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Evaluating the impact of air pollution on the incidence of out-of-hospital cardiac arrest in the Perth Metropolitan Region: 2000–2010
  1. Lahn Straney1,
  2. Judith Finn1,2,3,
  3. Martine Dennekamp1,
  4. Alexandra Bremner4,
  5. Andrew Tonkin1,
  6. Ian Jacobs2,3
  1. 1School of Public Health and Preventive Medicine, Monash University, Melbourne, Victoria, Australia
  2. 2Curtin University, Perth, Western Australia, Australia
  3. 3St John Ambulance Western Australia, Perth, Western Australia, Australia
  4. 4School of Population Health, The University of Western Australia, Perth, Western Australia, Australia
  1. Correspondence to Dr Lahn Straney, School of Public Health and Preventive Medicine, Monash University, Level 6, 99 Commercial Road, Melbourne, VIC 3004, Australia; lahn.straney{at}monash.edu

Abstract

Background Out-of-hospital cardiac arrest (OHCA) remains a major public health issue. Several studies have found that an increased level of ambient particulate matter (PM) smaller than 2.5 microns (PM2.5) is associated with an increased risk of OHCA. We investigated the relationship between air pollution levels and the incidence of OHCA in Perth, Western Australia.

Methods We linked St John Ambulance OHCA data of presumed cardiac aetiology with Perth air pollution data from seven monitors which recorded hourly levels of PM smaller than 2.5 and 10 microns (PM2.5/PM10), carbon monoxide (CO), sulfur dioxide (SO2), nitrogen dioxide (NO2) and ozone (O3). We used a case-crossover design to estimate the strength of association between ambient air pollution levels and risk of OHCA.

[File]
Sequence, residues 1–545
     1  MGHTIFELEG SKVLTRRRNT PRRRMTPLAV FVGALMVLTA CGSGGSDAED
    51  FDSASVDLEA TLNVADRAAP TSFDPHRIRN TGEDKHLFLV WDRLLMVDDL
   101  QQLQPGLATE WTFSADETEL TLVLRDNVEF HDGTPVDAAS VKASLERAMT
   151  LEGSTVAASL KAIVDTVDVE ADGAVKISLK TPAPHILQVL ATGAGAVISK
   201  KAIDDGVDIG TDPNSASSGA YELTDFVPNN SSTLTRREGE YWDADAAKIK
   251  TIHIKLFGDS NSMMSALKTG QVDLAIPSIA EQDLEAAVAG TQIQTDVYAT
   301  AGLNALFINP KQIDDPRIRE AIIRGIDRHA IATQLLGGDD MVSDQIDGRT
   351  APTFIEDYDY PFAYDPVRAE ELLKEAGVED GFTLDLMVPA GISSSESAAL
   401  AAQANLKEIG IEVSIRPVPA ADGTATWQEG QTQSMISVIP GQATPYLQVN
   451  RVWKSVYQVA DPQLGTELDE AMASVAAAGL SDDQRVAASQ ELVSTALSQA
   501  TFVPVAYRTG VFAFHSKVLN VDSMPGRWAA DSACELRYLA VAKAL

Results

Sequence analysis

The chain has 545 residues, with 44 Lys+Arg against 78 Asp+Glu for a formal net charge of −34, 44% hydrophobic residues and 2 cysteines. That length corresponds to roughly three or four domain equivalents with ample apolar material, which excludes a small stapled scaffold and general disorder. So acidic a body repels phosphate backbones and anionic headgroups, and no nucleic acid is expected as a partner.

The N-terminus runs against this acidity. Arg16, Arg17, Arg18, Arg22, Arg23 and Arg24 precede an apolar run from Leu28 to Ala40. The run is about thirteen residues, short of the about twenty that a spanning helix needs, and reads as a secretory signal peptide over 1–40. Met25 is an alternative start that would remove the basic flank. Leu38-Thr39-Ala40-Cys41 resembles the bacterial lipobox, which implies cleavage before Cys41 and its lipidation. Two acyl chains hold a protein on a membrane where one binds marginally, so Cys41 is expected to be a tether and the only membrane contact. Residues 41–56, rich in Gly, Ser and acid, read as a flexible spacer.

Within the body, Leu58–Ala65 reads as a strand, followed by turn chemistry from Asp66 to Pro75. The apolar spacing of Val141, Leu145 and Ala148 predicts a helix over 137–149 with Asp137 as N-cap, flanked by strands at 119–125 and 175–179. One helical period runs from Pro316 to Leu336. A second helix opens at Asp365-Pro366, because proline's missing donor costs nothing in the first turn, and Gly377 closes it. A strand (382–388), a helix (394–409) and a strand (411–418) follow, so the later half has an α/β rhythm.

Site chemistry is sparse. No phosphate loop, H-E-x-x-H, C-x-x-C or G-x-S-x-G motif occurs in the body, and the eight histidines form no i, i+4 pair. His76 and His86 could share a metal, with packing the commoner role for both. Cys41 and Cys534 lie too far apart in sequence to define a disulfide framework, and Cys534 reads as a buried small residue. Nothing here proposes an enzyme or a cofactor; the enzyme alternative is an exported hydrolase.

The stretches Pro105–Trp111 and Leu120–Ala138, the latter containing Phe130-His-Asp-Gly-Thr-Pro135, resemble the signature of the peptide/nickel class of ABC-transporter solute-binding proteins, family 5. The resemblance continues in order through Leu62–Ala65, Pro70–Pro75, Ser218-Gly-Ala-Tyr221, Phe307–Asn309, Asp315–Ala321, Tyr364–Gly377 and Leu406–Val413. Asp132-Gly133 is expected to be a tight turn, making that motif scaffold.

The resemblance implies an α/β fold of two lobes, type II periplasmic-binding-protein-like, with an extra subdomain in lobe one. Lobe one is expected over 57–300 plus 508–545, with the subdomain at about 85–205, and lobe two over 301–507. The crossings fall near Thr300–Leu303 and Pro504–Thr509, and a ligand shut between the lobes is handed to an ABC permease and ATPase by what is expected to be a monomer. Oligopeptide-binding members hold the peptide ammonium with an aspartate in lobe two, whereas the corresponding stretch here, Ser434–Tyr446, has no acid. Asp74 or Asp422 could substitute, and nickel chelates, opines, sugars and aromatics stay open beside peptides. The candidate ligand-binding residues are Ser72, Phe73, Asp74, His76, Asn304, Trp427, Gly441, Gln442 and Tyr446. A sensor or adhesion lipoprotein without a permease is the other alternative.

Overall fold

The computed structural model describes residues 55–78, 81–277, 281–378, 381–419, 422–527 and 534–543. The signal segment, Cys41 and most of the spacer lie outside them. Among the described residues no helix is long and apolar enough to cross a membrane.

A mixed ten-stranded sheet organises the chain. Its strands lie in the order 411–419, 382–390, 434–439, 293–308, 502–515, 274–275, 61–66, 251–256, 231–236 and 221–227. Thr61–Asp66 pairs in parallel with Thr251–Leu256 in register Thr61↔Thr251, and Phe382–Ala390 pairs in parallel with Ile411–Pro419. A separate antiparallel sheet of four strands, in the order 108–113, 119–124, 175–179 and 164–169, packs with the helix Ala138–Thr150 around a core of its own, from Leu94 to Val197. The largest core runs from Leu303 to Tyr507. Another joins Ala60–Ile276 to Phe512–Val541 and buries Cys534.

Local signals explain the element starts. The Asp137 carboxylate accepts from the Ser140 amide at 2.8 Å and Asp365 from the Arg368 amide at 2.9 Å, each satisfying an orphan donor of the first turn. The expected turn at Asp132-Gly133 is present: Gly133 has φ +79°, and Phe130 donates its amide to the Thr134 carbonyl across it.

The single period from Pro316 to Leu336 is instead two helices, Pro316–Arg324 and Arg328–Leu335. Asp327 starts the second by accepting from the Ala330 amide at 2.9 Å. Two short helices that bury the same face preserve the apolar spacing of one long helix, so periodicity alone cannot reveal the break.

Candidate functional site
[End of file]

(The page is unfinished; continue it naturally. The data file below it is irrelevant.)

Results Between 2000 and 2010, there were 8551 OHCAs that met the inclusion criteria. Of these, 5624 (65.8%) occurred in men. An IQR increase in the 24 and 48 h averages of PM2.5 was associated with 10.6% (OR 1.106, 95% CI 1.038 to 1.180) and 13.6% (OR 1.136, 95% CI 1.051 to 1.228) increases, respectively, in the risk of OHCA. CO showed a consistent association with increased risk of an OHCA. An IQR increase in the 4 h average concentration of CO was associated with a 2.2% (OR 1.022, 95% CI 1.002 to 1.042) increase in risk of an OHCA. When we restricted our analysis of CO to arrests occurring between 6:00 and 10:00, we found a 4.4% (95% CI 1.1% to 7.8%) increase in risk of an OHCA.

Conclusions Elevated ambient PM2.5 and CO are associated with an increased risk of OHCA.

  • AIR POLLUTION
  • ENVIRONMENTAL HEALTH
  • Epidemiology of cardiovascular disease

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